As the forces that create refugee crises continue to expand the UNHCR and member nations now intervene in cases of mass human displacement caused by natural disasters and in response to shifting geo-political conflicts. Disasters are defined as “calamitous event[s] resulting in loss of life, great human suffering and distress, and large-scale material damage” and include hurricanes, drought, earthquakes, and infectious diseases. Development projects, such as dams, roads, and airports, may also displace populations. The policies that implement these projects can compel groups to move, and these groups are often referred to as the “involuntarily displaced” persons. Following the US-led wars in Afghanistan and Iraq the United States created the Special Immigrant Visas (SIVs) Program in 2008 for persons who worked with the U.S. Armed Forces as translators or interpreters. SIV recipients are eligible for the same resettlement assistance, entitlement programs, and other benefits as refugees admitted under the U.S. Refugee Admissions Program for up to eight (8) months after being admitted to the United States. Despite greater need, the program is limited in scope and may not exceed 50 new arrivals per fiscal year. For more information on SIVs and limits of the program see The Interpreters.
Armed conflicts, terrorism, and various other agents of violence around the globe require the UNHCR and member nations to remain adaptable. Since 2011, persecution by the Syrian government or militant groups, such as the Islamic State, have forced more than 4 million Syrians to flee their home country while another 6.5 million remain IDPs inside the country. (“Syria IDP Figures Analysis”; “Syria: The Story of the Conflict”) Overcrowded refugee camps inside Syria have dismal basic necessities and those able to escape face rough Mediterranean waters, fences along national borders in Europe, and dangerous human smuggling methods. Refugee services and camps in Europe and political stalemate in the United States continue to slow the process of Syrian refugee resettlement. Other current pressing concerns overseen by the UNHCR and member nations can be reviewed here.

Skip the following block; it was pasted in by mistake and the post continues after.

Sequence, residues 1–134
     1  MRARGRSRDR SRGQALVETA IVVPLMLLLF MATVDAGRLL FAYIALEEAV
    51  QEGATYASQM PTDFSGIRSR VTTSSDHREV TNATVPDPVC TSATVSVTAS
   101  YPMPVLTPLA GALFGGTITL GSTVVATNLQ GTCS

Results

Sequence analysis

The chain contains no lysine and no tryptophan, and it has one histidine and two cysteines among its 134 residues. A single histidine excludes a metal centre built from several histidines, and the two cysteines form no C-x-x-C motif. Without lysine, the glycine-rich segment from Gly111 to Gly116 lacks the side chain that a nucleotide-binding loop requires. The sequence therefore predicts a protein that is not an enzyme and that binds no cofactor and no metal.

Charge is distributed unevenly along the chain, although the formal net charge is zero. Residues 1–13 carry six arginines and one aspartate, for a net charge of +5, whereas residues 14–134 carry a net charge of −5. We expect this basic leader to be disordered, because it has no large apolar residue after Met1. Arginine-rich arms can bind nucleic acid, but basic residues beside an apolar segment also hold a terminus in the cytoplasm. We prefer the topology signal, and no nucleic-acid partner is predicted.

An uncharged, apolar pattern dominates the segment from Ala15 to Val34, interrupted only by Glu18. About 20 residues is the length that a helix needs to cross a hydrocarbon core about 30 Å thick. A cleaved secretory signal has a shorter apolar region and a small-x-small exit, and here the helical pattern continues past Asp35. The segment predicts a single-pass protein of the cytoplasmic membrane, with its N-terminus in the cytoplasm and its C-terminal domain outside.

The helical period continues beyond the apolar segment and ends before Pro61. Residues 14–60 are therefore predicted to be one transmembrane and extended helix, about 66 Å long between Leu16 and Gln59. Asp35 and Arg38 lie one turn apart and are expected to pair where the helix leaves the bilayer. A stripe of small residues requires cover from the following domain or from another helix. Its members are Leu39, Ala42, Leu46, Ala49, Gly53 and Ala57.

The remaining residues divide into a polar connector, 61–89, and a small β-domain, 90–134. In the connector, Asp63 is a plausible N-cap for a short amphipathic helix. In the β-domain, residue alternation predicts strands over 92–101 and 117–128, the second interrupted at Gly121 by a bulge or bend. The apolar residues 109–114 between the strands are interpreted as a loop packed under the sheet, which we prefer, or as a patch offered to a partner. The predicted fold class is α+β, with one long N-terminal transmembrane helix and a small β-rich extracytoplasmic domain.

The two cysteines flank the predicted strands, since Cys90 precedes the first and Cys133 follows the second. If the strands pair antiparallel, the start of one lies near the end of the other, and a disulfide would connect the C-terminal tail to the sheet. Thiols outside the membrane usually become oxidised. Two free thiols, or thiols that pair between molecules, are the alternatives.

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Pope, Amy. “Infographic: The Screening Process for Refugee Entry into the United States.” The White House. The White House, 20 Nov. 2015. Web. 02 June 2016.
Jie Zong, Jeanne Batalova, “Frequently Requested Statistics on Immigrants and Immigration in the United States.” Migration Policy Institute. 2016. Web 9 June 2016. http://www.migrationpolicy.org/article/frequently-requested-statistics-immigrants-and-immigration-united-states
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“Special Immigrant Visas (SIVs) for Iraqi and Afghan Translators/Interpreters.” US Department of State. n.d. Web. 09 September 2016. https://travel.state.gov/content/visas/en/immigrate/iraqi-afghan-translator.html